To serve, spoon some yoghurt onto a chapatti and top with chicken, cherry tomatoes, cucumber slices and fresh coriander. Wrap it up and and you’ll be asking yourself why you haven’t tasted this earlier! You don’t need to host a ladies lunch to try this recipe. I could eat it everyday. Until the next post, that’s a wrap!
I’ve been wanting to visit Sydney Markets for a while now, so when the cat started squawking at 1am to be let outside and I couldn’t get back to sleep, I decided to make the most of my early rise.
When I arrived at Flemington at 6am, the car park was buzzing with trucks and a dodgem car would have been a creative way to compete with the darting forklifts.
I wandered around the isles and came across some gorgeous heirloom carrots which Sam grows on a farm in Horsley Park.
Purple, yellow, white and orange carrots were piled up next to watermelon radishes and the black radishes were so popular that they had sold out!
I also picked up some of Sam’s beetroots and a variety called ‘target beetroot’ that have rings on the inside.
Two men were checking out the carrots and offered some friendly advice when they overheard my conversation with Sam. I was told it’s best to slice and eat the target beetroot fresh to retain the ring pattern because the colour runs when they’re cooked and they end up looking like a regular beetroot. It turns out they were from Justin North’s restaurant ‘Etch‘. I couldn’t have hoped for a better tip!
You can find Sam at Grima’s Farm Fresh Produce, stand 71, door 2, D shed.
Loaded up with my fresh veggies and on my way back to the car, I couldn’t resist taking home a box of Joe’s size 23 figs. Some growers sell only by the box and others will sell smaller quantities; you just have to ask around.
You can visit Joe at Joe Mirarchi & Son, stand 14 – 15, market A.
It was well worth my effort going to Sydney Market for the variety, freshness, value for money and friendly, passionate service. I love hearing the stories behind the produce and I can feel the energy, heart and soul that’s gone into the entire process. It’s about the whole experience for me and it just can’t be compared to a trip to the supermarket or even the local green grocer.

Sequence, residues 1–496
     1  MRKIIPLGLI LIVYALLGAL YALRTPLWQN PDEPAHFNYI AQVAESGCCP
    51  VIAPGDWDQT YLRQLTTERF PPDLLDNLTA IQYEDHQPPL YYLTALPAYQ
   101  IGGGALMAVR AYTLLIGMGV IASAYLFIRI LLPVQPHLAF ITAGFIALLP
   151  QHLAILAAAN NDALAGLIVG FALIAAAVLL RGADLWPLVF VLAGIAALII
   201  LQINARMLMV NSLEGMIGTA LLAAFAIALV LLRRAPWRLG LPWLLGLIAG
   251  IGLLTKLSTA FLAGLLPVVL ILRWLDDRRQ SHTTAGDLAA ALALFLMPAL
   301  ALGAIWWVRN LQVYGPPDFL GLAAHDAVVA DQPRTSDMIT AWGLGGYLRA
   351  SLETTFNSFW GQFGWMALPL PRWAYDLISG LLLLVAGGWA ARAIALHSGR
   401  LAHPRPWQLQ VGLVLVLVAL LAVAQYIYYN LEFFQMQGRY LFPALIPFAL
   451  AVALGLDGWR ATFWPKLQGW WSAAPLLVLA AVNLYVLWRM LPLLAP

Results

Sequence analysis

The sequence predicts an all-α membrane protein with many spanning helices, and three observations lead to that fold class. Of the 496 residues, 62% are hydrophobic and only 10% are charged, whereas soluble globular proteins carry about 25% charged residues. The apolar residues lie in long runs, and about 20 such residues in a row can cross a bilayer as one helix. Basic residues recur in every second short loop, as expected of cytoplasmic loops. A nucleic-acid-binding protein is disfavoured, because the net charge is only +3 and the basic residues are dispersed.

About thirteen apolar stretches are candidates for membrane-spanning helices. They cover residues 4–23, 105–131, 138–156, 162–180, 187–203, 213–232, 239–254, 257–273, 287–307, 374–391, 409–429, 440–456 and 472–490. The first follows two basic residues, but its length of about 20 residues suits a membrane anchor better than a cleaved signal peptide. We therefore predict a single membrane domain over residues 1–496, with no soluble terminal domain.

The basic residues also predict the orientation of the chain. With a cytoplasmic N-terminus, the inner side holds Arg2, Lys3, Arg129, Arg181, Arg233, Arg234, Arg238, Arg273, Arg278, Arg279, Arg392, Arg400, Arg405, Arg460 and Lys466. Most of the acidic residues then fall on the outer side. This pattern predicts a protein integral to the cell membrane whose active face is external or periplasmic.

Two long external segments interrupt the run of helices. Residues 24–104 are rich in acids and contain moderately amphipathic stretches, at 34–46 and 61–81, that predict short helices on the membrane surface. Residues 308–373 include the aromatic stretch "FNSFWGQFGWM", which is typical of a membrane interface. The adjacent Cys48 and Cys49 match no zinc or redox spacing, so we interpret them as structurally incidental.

Driving home, my mind was racing with recipe ideas like the peak hour traffic I was in and my tummy was loudly commanding my attention. So I stopped at Sonoma in Glebe for some breakfast creation inspiration.
Walnut and raisin sourdough sounded like a perfect match for my juicy figs and I had to muster all my self control to get the loaf home in one piece.
This is one of my favourite pieces of art called ‘FIGure-d it out’ by Tanya Loviz and I can see why figs are so inspiring to Tanya with their opulent purple hues and pistachio green stems.
I topped the Sonoma walnut and raisin sourdough with fresh ricotta, rocket, Joe’s figs and The Little General extra virgin olive oil. Heaven!
Now for fresh juice using Sam’s beetroots and carrots.
1 large beetroot
1 medium orange carrot
1 large stick of celery (no leaves)
2cm piece of ginger
I sliced everything and passed it through my Compact juicer.
Full of energy, I enjoyed some yoga in the sun and practiced my daily gratitude by thanking the cat for waking me up.
Sonoma Bakery Cafe Glebe
215a Glebe Point Rd
Glebe NSW 2037
P 02 9660 2116
Sonoma Baking Company
32-44 Birmingham St
Alexandria NSW 2015
P 02 9690 2060 / 02 8362 1800
Sonoma Bakery Cafe Waterloo
2/9 Dank St
Waterloo NSW 2017
P 02 9699 1920
Sonoma Bakery Cafe Paddington
241 Glenmore Rd
Padddington NSW 2021
P 02 9331 3601